“When we moved here from Ryan Place, we wanted something modern, something from the 20th century,” says Dennis Mynatt.
He and partner Ken Voise, a cabinet maker, found one of the Ridgleawood Townhomes in foreclosure. It had had some atrocious renovations, including a kasbah-themed wet bar with flocked wallpaper. They tore the place apart, down to the studs, and began the laborious task of rebuilding to LEED standards.
Their careful attention to repurposing, recycling and using green materials garnered them a platinum certificate for their troubles.
They counted nails, weighed all the metal they removed and reused stones from the fireplace. Every surface is new. The only remaining piece of Jones’ original material is the rock wall in the living room. That had been painted and had to be sandblasted.
“People have done a lot to these places,” says Rebecca Lawton, much of it not in keeping with the original ethos of modernism. Lawton, who is a curator at the Amon Carter Museum of American Art, has lived in Ridgleawood for five years. She had noticed the property when she first moved to town.
“The first eight years I lived here, this group of town homes really spoke to me,” she says, “but I never saw a sign for an open house, or a ‘For Sale’ sign.”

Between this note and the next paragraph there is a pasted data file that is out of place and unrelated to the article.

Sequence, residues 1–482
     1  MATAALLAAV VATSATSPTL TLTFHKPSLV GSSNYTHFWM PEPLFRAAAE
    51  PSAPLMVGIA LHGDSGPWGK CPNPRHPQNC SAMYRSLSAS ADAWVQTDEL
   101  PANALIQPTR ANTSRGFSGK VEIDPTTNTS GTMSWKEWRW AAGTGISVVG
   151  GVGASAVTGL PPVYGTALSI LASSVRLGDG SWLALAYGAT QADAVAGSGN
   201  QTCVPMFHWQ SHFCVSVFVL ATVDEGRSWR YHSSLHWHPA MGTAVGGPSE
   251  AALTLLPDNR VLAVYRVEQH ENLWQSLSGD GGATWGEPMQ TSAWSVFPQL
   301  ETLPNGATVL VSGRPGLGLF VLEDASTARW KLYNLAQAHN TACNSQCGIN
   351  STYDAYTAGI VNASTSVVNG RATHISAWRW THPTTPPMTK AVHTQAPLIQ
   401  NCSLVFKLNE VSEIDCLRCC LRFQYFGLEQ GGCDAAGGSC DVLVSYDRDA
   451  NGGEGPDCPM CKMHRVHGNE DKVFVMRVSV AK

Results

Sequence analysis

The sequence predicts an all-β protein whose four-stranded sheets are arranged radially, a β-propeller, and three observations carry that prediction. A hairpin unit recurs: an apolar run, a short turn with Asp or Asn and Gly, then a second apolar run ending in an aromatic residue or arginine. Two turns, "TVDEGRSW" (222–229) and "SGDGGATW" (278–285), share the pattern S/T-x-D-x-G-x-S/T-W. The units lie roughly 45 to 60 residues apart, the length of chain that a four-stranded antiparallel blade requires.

She befriended Carter Bowden, owner of Carter Bowden Antiques, and he invited her to see his home, as he was ready to move into Montgomery Plaza. Eventually, she bought from him.
She was attracted to the amount of light that floods through the floor-to-ceiling windows and is slowly buying mid-century furnishings for her home.
“I bought all these pieces to honor the architecture. I wanted pieces that fit the scale. You have to stay cool and low,” she says.
A small group of Jones-built apartments on the edge of downtown are probably the most original Jones structures left in Fort Worth. Anne Allen, a public project manager for the Arts Council of Fort Worth and Tarrant County, lives in one of these. The stove is the original push-button KitchenAid, and the first dishwasher in the unit was replaced less than two months ago.
Allen makes do in less than 525 square feet of space with one bedroom.
“I wasn’t sure I could live in two rooms, so I did a lot of space planning,” she says. One thing that helps is a penchant Jones had for building entire walls of closets. Allen’s hallway, which is part of her bathroom, is lined with them, and so is her bedroom.
Her living room has a stone wall — one of Jones’ signature elements. It also helps that Allen has a separate art studio, so her art practice does not spill into her small living space.
She says it is well laid out, and despite the low square footage, she has hosted as many as 30 people in her home. The key is to open her large sliding-glass door and incorporate the courtyard as part of her entertaining space.
The ample storage, private courtyards, good flow of space, and modernist sensibilities of Jones’ homes make them coveted addresses in Fort Worth. Often there is a waiting list for the apartments and as Lawton found, the townhouses rarely come on the market. As for his houses, the AIA tour today and tomorrow, Sat. April 26 and Sun. April 27 is a once-in-a-decade opportunity to see the inside a Jones home.